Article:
Introduction to dashboards

A dashboard is a presentation of geographic information and data that allows you to monitor events, make decisions, inform others, and see trends. Dashboards are designed to display multiple visualizations that work together on a single screen. They offer a comprehensive view of data and provide insights for at-a-glance decision making. Similar to web maps and web layers, dashboards are part of the ArcGIS geoinformation model. They are items within your organization that can be identified by their icon Dashboard when browsing and searching for content.

Dashboards are composed of configurable elements, such as maps, lists, charts, gauges, indicators, and tables. Most elements are data driven and represent the information you want to present to the intended audience.

A dashboard can be created with both a desktop and mobile view, both of which can have different elements and configurations. When the dashboard is opened for viewing, users see the optimal view for their device. By default, a desktop view of the dashboard is created. When users need to view the dashboard on phones, a complementary mobile view can be created.

Desktop views

Desktop views allow you to see—on one screen—the data you need to be informed or make decisions. The views can be designed for use in both unattended and attended scenarios. Unattended dashboards are often displayed on a large screen in environments such as operations centers and provide a more passive user experience. In contrast, attended dashboards are generally viewed on desktop monitors and tend to offer a more interactive user experience. An example is shown below.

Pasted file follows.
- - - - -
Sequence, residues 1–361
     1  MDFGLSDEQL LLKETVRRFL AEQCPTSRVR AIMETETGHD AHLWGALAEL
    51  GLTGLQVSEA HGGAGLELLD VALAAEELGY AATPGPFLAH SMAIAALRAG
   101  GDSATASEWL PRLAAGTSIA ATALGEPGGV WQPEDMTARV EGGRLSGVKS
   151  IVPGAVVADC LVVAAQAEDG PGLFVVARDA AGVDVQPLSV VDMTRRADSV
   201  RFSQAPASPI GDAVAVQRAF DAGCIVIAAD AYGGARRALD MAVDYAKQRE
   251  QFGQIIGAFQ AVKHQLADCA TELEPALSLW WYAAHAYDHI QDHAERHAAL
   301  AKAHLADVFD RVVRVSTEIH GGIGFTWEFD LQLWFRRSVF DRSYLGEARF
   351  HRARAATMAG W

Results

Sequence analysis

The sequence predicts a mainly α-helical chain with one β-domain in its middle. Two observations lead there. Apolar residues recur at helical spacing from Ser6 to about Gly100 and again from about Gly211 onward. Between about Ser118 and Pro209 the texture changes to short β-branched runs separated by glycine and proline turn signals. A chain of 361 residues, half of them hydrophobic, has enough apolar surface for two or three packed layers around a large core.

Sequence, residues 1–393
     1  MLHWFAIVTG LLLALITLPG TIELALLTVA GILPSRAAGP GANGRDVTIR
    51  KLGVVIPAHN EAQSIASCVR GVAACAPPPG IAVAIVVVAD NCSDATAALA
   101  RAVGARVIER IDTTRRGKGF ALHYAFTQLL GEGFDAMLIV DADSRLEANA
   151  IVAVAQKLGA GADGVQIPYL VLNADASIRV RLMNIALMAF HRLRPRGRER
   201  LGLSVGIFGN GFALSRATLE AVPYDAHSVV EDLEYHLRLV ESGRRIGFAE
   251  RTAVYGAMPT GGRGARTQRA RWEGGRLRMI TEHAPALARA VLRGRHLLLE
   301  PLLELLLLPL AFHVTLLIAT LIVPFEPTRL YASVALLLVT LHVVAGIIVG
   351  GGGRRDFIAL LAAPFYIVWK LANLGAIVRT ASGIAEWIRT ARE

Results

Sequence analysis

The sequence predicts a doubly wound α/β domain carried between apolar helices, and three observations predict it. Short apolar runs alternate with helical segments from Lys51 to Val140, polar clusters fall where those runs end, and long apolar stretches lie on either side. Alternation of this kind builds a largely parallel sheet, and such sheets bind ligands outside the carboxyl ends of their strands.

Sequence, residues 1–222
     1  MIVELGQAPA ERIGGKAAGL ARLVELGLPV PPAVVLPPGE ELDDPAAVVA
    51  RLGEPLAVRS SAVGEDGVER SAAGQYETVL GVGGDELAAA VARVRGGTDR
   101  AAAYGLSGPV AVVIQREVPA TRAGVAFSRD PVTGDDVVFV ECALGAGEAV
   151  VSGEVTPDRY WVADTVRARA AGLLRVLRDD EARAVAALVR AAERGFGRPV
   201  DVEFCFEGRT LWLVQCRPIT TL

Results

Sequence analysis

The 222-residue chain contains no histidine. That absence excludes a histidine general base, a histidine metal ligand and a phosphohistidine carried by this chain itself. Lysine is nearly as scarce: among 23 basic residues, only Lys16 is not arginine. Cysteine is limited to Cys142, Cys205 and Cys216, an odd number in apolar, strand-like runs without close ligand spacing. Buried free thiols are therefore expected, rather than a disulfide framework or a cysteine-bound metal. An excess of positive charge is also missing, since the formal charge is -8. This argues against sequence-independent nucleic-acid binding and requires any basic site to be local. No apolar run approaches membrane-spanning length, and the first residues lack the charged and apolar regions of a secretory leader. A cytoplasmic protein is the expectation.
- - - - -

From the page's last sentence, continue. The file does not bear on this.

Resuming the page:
Dashboard desktop view

Mobile views

Mobile views can include specific visualizations relevant for on-the-go viewing, and positioned for convenient navigation on phones in portrait mode. They have an optimized user experience for selectors, maps, and content navigation. A mobile view can have the same elements as a desktop view, or new elements specifically configured for mobile viewing. An example is shown below.

Dashboard mobile view

Types of dashboards

There are many reasons to create a dashboard, and many types of dashboards you can create. Dashboards allow you to do the following:

  • See all the data you need to be informed or make decisions.
  • Monitor the most important information about your day-to-day operations.
  • Ensure all your colleagues are focused on the same goal through viewing and using the same information.
  • Monitor in real time the health of a business, product, organizational team, or campaign.
  • Inform communities about ongoing events, emergencies, and initiatives.
  • Create a personalized desktop and mobile view of a larger set of data to show all the metrics that matter to you.

The type of dashboard you create should be based on who you're sharing it with and the information you want to convey. Some dashboards are operational in nature and are designed to tell you what is happening in the moment while matching the quickly changing nature of incidents and events. Some dashboards are strategic and are ideal for those who are monitoring their organization's performance indicators and metrics. Other dashboards are analytical and are used to identify data trends, patterns, and other characteristics. Lastly, some dashboards are simply informative and are used to tell a story with the data.

The following are characteristics of an effective dashboard:

  • Draws your attention to where it's needed
  • Shows what's most important on a screen full of data
  • Allows its audience to understand what's happening and respond quickly
  • Expresses performance measures clearly, accurately, directly, and without distraction

Once the dashboard is assembled, you can share it with its intended audience. You can share dashboards publicly with everyone or only with people in your organization. You can promote your dashboard by providing a link to it or embedding it in another website or app.

To get started creating a dashboard, see Create a dashboard.